Thus, while Bauerlein does not endorse philosophy over other types of theory in the crowded late-20th century conceptual landscape (and in fact takes a potshot at Cascardi's title—objecting to this familiar “X and the question of” critical practice), his general emphasis on the “methodological” over the “representational” implies a preference for the kind of rigor about issues central to literature (like meaning) which philosophy generally possesses to a higher degree than much fast-and-loose, jargon-laden literary criticism.

Bauerlein cleverly defines and illustrates the “representational”/“methodological” distinction in the preface through two hilarious but depressing anecdotes which reveal that the discipline is dead (he merely conducts “the autopsy” without offering much by way of solution): 1). the hiring process of a new professor in his department and 2). an absurd and grandiose conference paper submitted by an inexperienced student with shamefully sloppy argumentation and an apparent lack of any common sense or training in formal explication.

The meaning of “representation” is of course a vast topic. But Bauerlein simply means to underline the damage the “representational” task articulated without definition as “the goal” with the new hire. Who or what is to be represented? The world at large? Particular interests? Or “demographic equivalence?” And to what end? Bauerlein spends much of the book stressing that when “literary study involved research into and teaching of reading and writing skills, literary history, textual interpretation, its methodological parameters and canons of evaluation were understood, if debatable” (xi). Now, it is quite simply a big mess.

The introduction begins with one of the all-time great sentences in a book of this kind: “To many professors of literature and language, overstepping the traditional boundaries of literary criticism seems like a good idea.” Of course all 23 entries — from cultural poetics to cultural studies to discourse to gender to problematize to essentialize — explain why it's not a good idea at all. I particularly like the deconstruction entry (42-8) because he attacks not the early practitioners like Hillis Miller — or Derrida himself — who were steeped in the Continental tradition, but those who “neglect philosophical context” and the “promiscuous” usages which proliferate as a result. The gender entry (62-9) is damning, particularly its citation of a labyrinthine, nonsensical definition put forth by Joan Wallach Scott.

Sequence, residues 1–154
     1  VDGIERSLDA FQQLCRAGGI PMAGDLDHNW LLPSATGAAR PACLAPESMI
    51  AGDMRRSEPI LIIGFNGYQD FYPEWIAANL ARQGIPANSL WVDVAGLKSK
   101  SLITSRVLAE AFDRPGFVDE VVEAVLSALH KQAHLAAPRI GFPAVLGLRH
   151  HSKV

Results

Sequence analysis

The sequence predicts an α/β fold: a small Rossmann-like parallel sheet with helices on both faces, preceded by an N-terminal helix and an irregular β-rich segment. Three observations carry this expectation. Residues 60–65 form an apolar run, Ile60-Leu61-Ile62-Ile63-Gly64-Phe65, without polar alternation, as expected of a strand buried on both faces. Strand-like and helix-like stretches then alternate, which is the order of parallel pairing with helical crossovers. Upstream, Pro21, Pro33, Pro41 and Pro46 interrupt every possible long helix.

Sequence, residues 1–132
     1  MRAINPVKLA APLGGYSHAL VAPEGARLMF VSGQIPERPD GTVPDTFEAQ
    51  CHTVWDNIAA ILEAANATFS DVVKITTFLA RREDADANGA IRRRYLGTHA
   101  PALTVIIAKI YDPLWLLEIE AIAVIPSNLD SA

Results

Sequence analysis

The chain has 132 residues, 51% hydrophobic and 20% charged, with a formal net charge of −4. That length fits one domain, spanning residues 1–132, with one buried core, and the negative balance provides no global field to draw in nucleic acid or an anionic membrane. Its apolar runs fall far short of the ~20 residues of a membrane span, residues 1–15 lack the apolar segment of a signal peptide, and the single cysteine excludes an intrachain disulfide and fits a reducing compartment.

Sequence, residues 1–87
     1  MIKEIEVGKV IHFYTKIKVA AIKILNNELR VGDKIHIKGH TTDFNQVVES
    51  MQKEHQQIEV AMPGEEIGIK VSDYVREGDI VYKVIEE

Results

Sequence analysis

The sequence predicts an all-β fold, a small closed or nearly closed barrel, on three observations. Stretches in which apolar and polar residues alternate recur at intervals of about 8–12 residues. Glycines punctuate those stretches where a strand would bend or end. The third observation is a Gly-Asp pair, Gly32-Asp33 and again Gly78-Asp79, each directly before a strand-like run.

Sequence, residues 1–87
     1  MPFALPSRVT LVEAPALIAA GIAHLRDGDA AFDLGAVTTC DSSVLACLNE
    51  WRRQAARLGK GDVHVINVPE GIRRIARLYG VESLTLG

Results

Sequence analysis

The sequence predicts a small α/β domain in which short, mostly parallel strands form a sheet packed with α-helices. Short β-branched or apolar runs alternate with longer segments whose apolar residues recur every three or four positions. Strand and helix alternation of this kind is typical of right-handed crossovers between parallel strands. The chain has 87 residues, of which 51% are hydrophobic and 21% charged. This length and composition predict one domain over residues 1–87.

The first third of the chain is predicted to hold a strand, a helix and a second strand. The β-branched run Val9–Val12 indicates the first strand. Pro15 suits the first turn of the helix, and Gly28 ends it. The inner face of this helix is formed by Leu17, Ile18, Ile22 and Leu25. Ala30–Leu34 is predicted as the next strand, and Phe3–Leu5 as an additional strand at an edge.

As heartening as the three texts I have thus far discussed were to me at UCSB, I remained extremely lonely socially and intellectually and the last book I will discuss — Villette -- influenced me at the deepest possible level. Tony Tanner, the great Austen critic, calls it one of the great modern studies of “self without society” (a description just as pertinent to Dickinson, a poet whose work always seems to lurk in the background of so much I studied). Lucy Snowe's search for a home, and for a project which will ground her in the world with others — in some “expressive activity” or what Tanner frames as a “project” along the lines of phenomenologists (also Sartre), resonated on a visceral level for me. The novel also explores the boundaries between the sane and the insane, figured partly in terms how the power of objects triumphs over human autonomy (14). Richard Eldridge, my Orals member from Swarthmore, writes a good deal about “intentionality” and added another layer of meaning to me.